Reprinted From



By: Lawrence M. Kohn

Your success as a business owner, executive or professional will be enhanced by motivated employees. Unmotivated employees can unwittingly destroy quality relationships with current clients, prospective clients, vendors, creditors, shareholders and peers. On the other hand, motivated employees not only enhance your relationships with others, they make the day more enjoyable and motivate you to greater heights.

In an effort to motivate employees, many businesses lean toward a competitive approach. While a competitive spirit can be motivational, it can also produce jealousy and significant frustration. Some businesses experiment with contests to motivate for short term successes. The winners of contests are often rewarded with weekend holidays or cash bonuses. While these contests may reward a few “winners,” they create many more “losers.” And losing is frustrating. Sometimes it’s immobilizing. Long-term motivation is rarely the result of short-term financial rewards. The competitive spirit needs to be balanced with a more widespread and equitable motivator.

In my experience, one remarkably powerful motivator is the anticipation of long-term safety. We all want to feel safe. The desire for safety is indelibly etched, in our primal being. Hence the rule – Safety FIRST. Accepting this principal, the leader’s responsibility is to create a physically and emotionally safe environment. While physical safety won’t be addressed in this article, following are some tips for motivating through emotional safety.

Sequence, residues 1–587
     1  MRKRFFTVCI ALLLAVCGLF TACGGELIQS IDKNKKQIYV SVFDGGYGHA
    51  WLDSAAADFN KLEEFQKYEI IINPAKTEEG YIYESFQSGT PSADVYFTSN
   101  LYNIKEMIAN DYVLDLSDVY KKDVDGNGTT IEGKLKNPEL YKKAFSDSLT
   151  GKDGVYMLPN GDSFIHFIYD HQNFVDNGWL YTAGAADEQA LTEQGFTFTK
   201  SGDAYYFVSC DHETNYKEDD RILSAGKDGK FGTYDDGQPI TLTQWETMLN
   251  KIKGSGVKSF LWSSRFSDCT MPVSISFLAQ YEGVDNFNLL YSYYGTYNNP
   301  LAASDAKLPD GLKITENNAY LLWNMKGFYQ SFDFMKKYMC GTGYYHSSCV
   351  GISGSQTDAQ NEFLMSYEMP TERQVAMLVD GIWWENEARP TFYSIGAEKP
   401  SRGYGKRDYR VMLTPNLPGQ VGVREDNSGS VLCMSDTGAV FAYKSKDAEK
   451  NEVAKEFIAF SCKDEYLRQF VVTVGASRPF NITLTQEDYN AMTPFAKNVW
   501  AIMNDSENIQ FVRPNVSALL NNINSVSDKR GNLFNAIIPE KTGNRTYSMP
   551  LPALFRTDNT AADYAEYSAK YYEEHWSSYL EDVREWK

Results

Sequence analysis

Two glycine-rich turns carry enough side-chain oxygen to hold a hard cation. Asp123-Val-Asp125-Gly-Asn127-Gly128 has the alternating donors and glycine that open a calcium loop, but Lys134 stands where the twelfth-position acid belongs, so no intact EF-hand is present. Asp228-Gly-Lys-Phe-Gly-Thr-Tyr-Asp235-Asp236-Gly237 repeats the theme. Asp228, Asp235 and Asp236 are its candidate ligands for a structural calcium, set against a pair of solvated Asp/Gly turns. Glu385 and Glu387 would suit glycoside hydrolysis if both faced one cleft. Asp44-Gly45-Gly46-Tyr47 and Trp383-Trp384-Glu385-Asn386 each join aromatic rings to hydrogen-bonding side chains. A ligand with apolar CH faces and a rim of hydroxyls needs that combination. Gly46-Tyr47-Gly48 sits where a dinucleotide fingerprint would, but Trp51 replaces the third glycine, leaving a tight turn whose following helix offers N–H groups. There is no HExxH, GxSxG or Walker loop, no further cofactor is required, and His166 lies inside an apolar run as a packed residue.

One way is to offer sincere compliments. While this may sound obvious, I regularly meet people who use sarcasm and criticism as a motivator. They never acknowledge the good. As I work with employees across the country, I am regularly reminded that positive, sincere feedback builds self-esteem which in turn, creates loyalty, energy and a drive for superior performance.

Another source of emotional security is proactive employee input. Smart leaders seek out suggestions from every level of the organization. This is not accomplished by a suggestion box. All employees should formally participate in long-term planning. Not only will the employer receive new ideas, but also, employees will feel that their opinions are heard and will enjoy a sense of control in their lives and in their destinies.

A third source of emotional security is consistent rational leadership. Bosses who fly off the handle not only lose employee respect, but also create concerns about effective decision making under stress. Alternatively, bosses who keep their cool create a safe environment. This does not mean that bosses are not allowed to express concerns or even fears. It does mean that bosses must express negative issues with emotional constraint.

Affiliation is yet another source. Employees who are part of a team don’t feel alone in the trenches. All employees need the satisfaction of regularly meeting with a variety of the members of an organization – not just their immediate departments. Contact with a large sphere creates additional bonds. When the members of a community are well-acquainted, they are more likely to feel safe.

As a final suggestion, offer training and development courses for your employees. Give people an opportunity to improve their lives. Promote creativity and a willingness to experiment with new ideas. Employees who grow in their work feel more secure.

By offering a safe environment for your employees you’ll be rewarded financially and emotionally and feel the security of having created a well-run organization with expectations of long term success.